< .comment-link {margin-left:.6em;}

Massachusetts Liberal

Observations on politics, the media and life in Massachusetts and beyond from the left side of the road.

Friday, July 08, 2011

End of the News? Or the World?

The liberties taken by CBS producers on the Esplanade don't come close to the daily ethical lapses in Rupert Murdoch's media empire. And there's a real question whether abruptly folding one of the principal offenders will change anything.

The chickens are coming home to roost on the media machine that includes Fox News Channel, the Wall Street Journal and some of Britain's raunchier tabloid newspapers. Starting with the now late News of the World, which apparently sanctioned phone hacking on everyone from politicians and actors to terror victims and missing 13-year-old girls.

Rupe shuttered the venerable NOTW without so much as a sniffle. It was clearly an effort to erect a blast fence to a bombshell that exploded today -- the arrest of a former editor (and former spokesman to Conservative Prime Minister David Cameron) on suspicion of corruption and phone hacking.

It also had a lot to do with the pending decision by British regulators to allow Murdoch to take 100 percent control of British Sky Broadcasting and the bags of cash that represents to his bottom line.

The folding of NOTW, a Sunday-only tabloid, is the essence of cynicism. News International immediately announced plans for the six-day Sun to expand into Sundays. New nameplate, same old dirt.
“It was shocking,” says Sarah Ellison, a Vanity Fair contributing editor covering the story. “But when you think about it for two minutes, it’s purely cynical. It’s a way of sacrificing something Murdoch doesn’t care about to save what he does care about, including Rebekah Brooks , his prized News International editor in London. They seem to be sacrificing lower-level people in order to save the people who are in charge.” Brooks was very much in charge as News of the World editor during much of the misconduct, but it is the paper’s 200 employees who are now losing their jobs.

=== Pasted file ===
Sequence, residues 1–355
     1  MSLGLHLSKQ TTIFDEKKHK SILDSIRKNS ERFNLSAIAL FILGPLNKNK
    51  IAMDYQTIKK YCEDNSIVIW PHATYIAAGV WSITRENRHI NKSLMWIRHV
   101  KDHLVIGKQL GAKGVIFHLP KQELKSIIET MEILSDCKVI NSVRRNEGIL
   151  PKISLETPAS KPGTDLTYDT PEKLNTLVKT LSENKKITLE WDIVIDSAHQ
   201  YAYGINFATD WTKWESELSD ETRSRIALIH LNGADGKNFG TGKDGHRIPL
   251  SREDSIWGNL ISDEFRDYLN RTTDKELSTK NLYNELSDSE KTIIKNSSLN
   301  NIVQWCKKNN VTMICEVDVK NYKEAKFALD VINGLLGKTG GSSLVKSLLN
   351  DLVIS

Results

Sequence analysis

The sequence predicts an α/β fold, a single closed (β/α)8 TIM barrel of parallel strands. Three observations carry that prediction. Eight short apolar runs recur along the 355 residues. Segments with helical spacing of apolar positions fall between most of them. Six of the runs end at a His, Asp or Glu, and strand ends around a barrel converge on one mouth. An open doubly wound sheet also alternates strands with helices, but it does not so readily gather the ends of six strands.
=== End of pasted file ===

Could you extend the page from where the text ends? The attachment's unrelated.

But it may not be that easy. By entangling Cameron, the scandal could threaten the entire Tory government.

And while the laws and rules are different in the United States, it may just prompt a bit closer scrutiny across the pond at the relationship between Murdoch's right-hand man in the Colonies, Roger Ailes, his Fox News Channel and the Republican Party that Fox News seems to direct with daily talking points.

Shuttering NOTW won't end the controversy. Rather, the blood from the corpse is now in the water and the Murdoch Empire is facing a lot of bad days ahead.

Labels: , , ,


Anonymous Anonymous said...

If Murdock wanted to show that he got it, was contrite and sincere about not using the practices that he winked at in this case, then the solution would have been to fire those involved, including the entire management, editorial and publishing, and replace them with people with the reputation for high ethical standards. Instead, what he did was punish the hundred of honest workers who depend on it for their livelihoods. Unless, there is some other reason for the closing, and this just provided an easy excuse.

July 08, 2011 10:14 AM  

Post a Comment

Links to this post:

Create a Link

<< Home